Act 4

In the Underworld Proserpina, Queen of Hades, pleads with Plutone, her husband the King. She has been deeply affected by Orfeo’s singing, and petitions the king for Euridice’s release. Plutone is moved by her pleas, and agrees, subject to the condition that, in leading Euridice back to the world, Orfeo must not look back. If he does, ”a single glance will condemn him to eternal loss”. Proserpina expresses her gratitude, blessing the day that she was abducted by Plutone and brought to Hades. Orfeo now enters, leading Euridice and singing that on his wife’s white bosom he will rest that day. But a note of doubt creeps in: ”Who will assure me that she is following?”. Perhaps Plutone, driven by envy, has imposed the condition through spite? Suddenly distracted by an off-stage commotion, Orfeo looks round; immediately, the image of Euridice begins to fade. She sings, despairingly: ”Losest thou me through too much love?” and disappears. Orfeo attempts to follow her but is drawn away by an unseen force. The chorus of spirits sings that Orfeo, having overcome Hades, was in turn overcome by his passions.

Act 5

Back in the fields of Thrace Orfeo, in a long soliloquy, laments his loss, praises Euridice’s beauty and resolves that his heart will never again be pierced by Cupid’s arrow. An echo repeats his final phrases. Suddenly, in a cloud, Apollo descends from the heavens and chastises him: ”Why dost thou give thyself up as prey to rage and grief?” He invites Orfeo to leave the world and join him in the heavens, where he will recognise Euridice’s likeness in the stars. Orfeo replies that it would be unworthy not to follow the counsel of such a wise father, and together they ascend. A sheperds’ chorus sings and dances a brief finale, which concludes that ”he who sows in suffering shall reap the fruit of every grace”.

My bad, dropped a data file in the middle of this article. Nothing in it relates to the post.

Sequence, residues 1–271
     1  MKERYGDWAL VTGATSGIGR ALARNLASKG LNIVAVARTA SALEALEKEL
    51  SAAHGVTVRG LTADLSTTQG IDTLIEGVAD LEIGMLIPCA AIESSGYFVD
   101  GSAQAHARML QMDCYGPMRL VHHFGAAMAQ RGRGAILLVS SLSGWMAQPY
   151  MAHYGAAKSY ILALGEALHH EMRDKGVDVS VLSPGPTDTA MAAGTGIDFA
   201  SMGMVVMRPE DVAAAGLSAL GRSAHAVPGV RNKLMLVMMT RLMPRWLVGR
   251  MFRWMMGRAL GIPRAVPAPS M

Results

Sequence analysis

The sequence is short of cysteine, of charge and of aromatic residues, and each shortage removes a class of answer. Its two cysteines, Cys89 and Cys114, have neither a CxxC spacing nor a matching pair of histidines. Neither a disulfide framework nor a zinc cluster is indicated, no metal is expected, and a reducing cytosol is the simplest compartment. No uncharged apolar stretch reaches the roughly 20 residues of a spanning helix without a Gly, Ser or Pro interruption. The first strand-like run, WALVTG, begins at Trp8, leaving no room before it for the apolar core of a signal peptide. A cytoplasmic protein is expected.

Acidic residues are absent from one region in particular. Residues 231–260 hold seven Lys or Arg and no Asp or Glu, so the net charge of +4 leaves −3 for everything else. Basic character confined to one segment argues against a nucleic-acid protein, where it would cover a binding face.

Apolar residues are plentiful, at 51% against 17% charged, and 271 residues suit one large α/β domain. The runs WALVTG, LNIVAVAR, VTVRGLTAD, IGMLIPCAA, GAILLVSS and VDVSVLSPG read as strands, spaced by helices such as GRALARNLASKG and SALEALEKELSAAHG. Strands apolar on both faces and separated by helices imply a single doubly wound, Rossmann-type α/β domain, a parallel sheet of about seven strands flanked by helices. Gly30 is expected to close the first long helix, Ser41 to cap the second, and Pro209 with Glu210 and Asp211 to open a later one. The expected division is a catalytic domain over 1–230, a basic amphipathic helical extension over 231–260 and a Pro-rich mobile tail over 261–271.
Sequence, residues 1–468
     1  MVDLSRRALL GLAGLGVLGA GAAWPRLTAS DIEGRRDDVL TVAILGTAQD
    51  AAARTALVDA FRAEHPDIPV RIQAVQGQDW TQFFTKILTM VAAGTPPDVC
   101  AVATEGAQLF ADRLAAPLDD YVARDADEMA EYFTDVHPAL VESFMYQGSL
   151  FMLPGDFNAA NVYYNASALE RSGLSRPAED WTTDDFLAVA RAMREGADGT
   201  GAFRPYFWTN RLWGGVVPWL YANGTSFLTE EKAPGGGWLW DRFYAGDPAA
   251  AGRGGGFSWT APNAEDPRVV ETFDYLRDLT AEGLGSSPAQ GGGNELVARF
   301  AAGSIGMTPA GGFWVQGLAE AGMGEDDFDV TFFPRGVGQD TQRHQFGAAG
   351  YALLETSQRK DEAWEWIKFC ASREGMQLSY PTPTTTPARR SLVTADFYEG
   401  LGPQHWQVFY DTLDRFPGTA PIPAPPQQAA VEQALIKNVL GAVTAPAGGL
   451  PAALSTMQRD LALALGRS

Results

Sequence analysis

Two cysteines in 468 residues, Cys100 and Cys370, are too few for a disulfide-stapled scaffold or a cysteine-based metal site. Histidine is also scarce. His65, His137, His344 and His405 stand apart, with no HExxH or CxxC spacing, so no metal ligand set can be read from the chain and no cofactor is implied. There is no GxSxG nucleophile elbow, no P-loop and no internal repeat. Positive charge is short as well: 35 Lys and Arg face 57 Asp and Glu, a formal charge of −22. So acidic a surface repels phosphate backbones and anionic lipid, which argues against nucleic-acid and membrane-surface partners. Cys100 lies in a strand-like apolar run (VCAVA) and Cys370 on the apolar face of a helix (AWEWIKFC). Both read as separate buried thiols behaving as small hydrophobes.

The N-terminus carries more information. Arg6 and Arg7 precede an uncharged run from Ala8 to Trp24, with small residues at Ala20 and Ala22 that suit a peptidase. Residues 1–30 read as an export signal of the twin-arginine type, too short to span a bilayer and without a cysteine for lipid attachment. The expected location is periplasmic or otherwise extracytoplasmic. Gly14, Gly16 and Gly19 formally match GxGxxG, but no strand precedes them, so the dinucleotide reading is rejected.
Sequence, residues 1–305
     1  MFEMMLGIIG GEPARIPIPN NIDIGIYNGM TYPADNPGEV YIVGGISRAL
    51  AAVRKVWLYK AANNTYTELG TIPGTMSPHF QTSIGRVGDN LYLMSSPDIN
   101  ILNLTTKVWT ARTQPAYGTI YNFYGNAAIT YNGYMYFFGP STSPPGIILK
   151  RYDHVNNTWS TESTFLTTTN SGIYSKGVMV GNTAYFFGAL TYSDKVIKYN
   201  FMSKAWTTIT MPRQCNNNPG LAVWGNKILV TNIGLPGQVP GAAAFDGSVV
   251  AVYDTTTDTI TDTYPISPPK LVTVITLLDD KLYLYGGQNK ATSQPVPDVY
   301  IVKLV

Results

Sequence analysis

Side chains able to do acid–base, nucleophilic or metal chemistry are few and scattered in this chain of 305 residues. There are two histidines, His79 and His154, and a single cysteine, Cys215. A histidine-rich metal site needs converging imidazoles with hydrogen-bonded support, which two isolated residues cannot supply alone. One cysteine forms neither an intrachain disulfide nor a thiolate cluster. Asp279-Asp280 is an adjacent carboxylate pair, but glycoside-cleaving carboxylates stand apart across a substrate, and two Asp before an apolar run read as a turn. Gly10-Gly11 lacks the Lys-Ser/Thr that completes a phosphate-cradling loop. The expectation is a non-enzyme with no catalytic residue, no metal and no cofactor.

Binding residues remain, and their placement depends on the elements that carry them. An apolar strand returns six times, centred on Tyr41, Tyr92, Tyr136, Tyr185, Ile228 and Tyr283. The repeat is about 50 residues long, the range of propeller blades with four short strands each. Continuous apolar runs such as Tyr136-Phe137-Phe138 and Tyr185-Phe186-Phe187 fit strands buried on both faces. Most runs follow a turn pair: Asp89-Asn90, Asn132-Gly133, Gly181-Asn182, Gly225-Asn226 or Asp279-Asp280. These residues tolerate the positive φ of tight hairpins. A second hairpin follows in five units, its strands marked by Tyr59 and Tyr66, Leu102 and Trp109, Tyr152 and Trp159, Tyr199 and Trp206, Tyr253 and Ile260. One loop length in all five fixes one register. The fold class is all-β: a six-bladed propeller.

Roles
La Musica (Music)- soprano, originally castrato
Orfeo (Orpheus)- tenor
Euridice (Eurydice)- soprano, originally castrato
Mesaggiera (Messenger) – soprano
Speranza (Hope) – soprano
Caronte (Charon)- bass
Proserpina (Proserpine)- soprano
Plutone (Pluto)- bass
Apollo – tenor
Ninfa (Nymph)-     soprano
Eco (Echo) – tenor

*****************************

This is the first ”real” opera, combining music and acting into the format we know still today. As the first one it differs a bit from later baroque operas as well, the recitatives are much more interesting, they haven’t settled into the formula so to say. I’ve seen the opera many years ago in a TV broadcast from the [link=http://en.wikipedia.org/wiki/Drott

ningholm_Palace_Theatre]Drottningholm Palace theatre[/link], meaning that it was all done just as it would have been perfomed in the 17th century. This performance, as well as what I know of the operas of the time period, makes me wary of the voice list here. Orfeo for example I’ve found more performances by a mezzo-soprano or baritone, indicating that it was a castrato originally. Also tenors were mostly used as old women in those days, not as heroes or gods.

Anyway I’ve picked two pieces from the opera. The first one is the wedding of Orfeo and Eurydice in a very classical production, the second one is the finale between Orfeo and Apollo, in a totally contrasting modern production. Apollo can’t have had an easy time singing in that costume.